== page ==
Reading this was beautiful. Sounds like you have a very healthy family. First, be proud that everyone is comfortable enough to share their feelings. The only thing I would say about the chores is that (diabetes or not) you need to make sure that he has an understanding of responsibilities and that includes chores at home. Unfortunately he is going to have to do exactly what everyone else does AND manage his diabetes. Better to have that instilled now at home, then him be in shock when he moves out to be on his own. I would call a family meeting. I would thank your other kids for being honest. Help them understand how Tylers life is different, the DO need to understand. He does and will always need extra help and attention. Then explain to Tyler that diabetes is not an excuse. Everyone can grow together.

Secondly, I don’t know where you live…but to me it sounds like you need a better Endo. You should have someone who is supportive in Tyler’s life so he can accomplish whatever he wants. Not someone you have to fight with every step of the way and says that his life is over. Just my opinion.

I agree with everyone, and love Renata’s advice about talking to your family. You sound like a wonderful father. Even if your other family members don’t approve (for lack of a better word) of your treatment, as long as they all know you love them, some day I think they’ll understand.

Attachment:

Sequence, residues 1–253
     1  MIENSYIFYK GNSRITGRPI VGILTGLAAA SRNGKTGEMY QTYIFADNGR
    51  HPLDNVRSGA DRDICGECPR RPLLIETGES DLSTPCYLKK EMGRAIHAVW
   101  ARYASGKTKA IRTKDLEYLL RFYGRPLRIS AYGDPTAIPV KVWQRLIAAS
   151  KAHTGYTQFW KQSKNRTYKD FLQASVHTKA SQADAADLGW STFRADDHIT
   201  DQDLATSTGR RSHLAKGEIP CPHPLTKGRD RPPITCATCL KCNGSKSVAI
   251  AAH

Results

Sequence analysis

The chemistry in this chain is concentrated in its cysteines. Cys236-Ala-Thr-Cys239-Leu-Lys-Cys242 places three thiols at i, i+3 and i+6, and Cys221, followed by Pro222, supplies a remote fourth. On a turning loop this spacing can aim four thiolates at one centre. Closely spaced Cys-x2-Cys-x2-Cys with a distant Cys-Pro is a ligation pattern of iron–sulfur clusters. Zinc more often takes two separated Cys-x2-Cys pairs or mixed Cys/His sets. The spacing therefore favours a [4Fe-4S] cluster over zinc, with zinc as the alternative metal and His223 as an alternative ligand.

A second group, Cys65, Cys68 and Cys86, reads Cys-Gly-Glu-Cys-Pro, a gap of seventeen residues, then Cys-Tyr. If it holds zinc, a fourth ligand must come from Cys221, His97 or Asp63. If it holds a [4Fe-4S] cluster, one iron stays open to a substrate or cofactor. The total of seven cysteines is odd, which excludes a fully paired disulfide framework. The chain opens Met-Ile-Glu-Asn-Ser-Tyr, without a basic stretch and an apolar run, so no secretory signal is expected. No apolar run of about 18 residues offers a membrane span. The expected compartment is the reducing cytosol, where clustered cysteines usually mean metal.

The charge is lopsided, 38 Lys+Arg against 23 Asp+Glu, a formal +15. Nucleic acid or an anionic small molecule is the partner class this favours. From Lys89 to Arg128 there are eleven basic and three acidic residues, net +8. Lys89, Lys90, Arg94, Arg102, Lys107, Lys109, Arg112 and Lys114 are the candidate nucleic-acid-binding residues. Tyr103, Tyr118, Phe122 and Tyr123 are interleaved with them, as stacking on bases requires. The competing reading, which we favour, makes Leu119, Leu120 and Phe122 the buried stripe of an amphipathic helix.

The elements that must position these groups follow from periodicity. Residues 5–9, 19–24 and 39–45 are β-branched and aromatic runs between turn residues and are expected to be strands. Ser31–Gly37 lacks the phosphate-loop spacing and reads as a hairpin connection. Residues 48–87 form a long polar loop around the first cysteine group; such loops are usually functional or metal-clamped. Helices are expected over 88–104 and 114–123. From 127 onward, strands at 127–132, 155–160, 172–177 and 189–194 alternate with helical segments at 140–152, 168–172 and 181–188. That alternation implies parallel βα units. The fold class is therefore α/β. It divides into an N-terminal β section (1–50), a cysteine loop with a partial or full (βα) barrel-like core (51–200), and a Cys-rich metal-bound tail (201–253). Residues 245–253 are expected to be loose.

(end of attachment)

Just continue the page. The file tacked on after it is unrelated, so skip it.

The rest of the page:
I was something like 1600 when i was diagnosed when i was 2. The doctor claimed my mom was “abusing” me because when i got the the Dr. i looked like i hadn’t eaten in forever, and i was pretty rough. It took a few hours for the idiots at the hospital to figure out what was going on. By the time my dad got there (he was out of state… did about 100MPH all the way home) they had figured out what happened, and the Dr. that claimed my mom was abusing me didn’t even try to say sorry… let’s just say that it got rough between my dad and that Dr… he needed new teeth afterwards, and a new job, and a new several other things.

Surprisingly, my dad never got in trouble for that, and i honestly think that’s as it should be. I don’t know what it’s like to be a parent of a child with diabetes, but i do know what it’s like to be the child with diabetes. I know it’s hard not to, but we don’t really need any special treatment… if something happens, then we should be punished just like any other child. My mom learned this after a while, and both my parents treat my just like my older brother. Sure, they were easy on me till i was about 5 or 6, but after that, the ride was over, and they treated me just like my brother.

I’m not the kind to look for pity though. I’m me. Yes i have diabetes, but i don’t really look at it as life changing. It can be integrated into my life just as school is, and it can be handled. All that really needs to change is his diet, nothing else… and the changes there are really minimal with a pump. Even when i was on shots i could eat just about whatever i wanted, and have decent control. (Cokes aside… haven’t figured them out yet)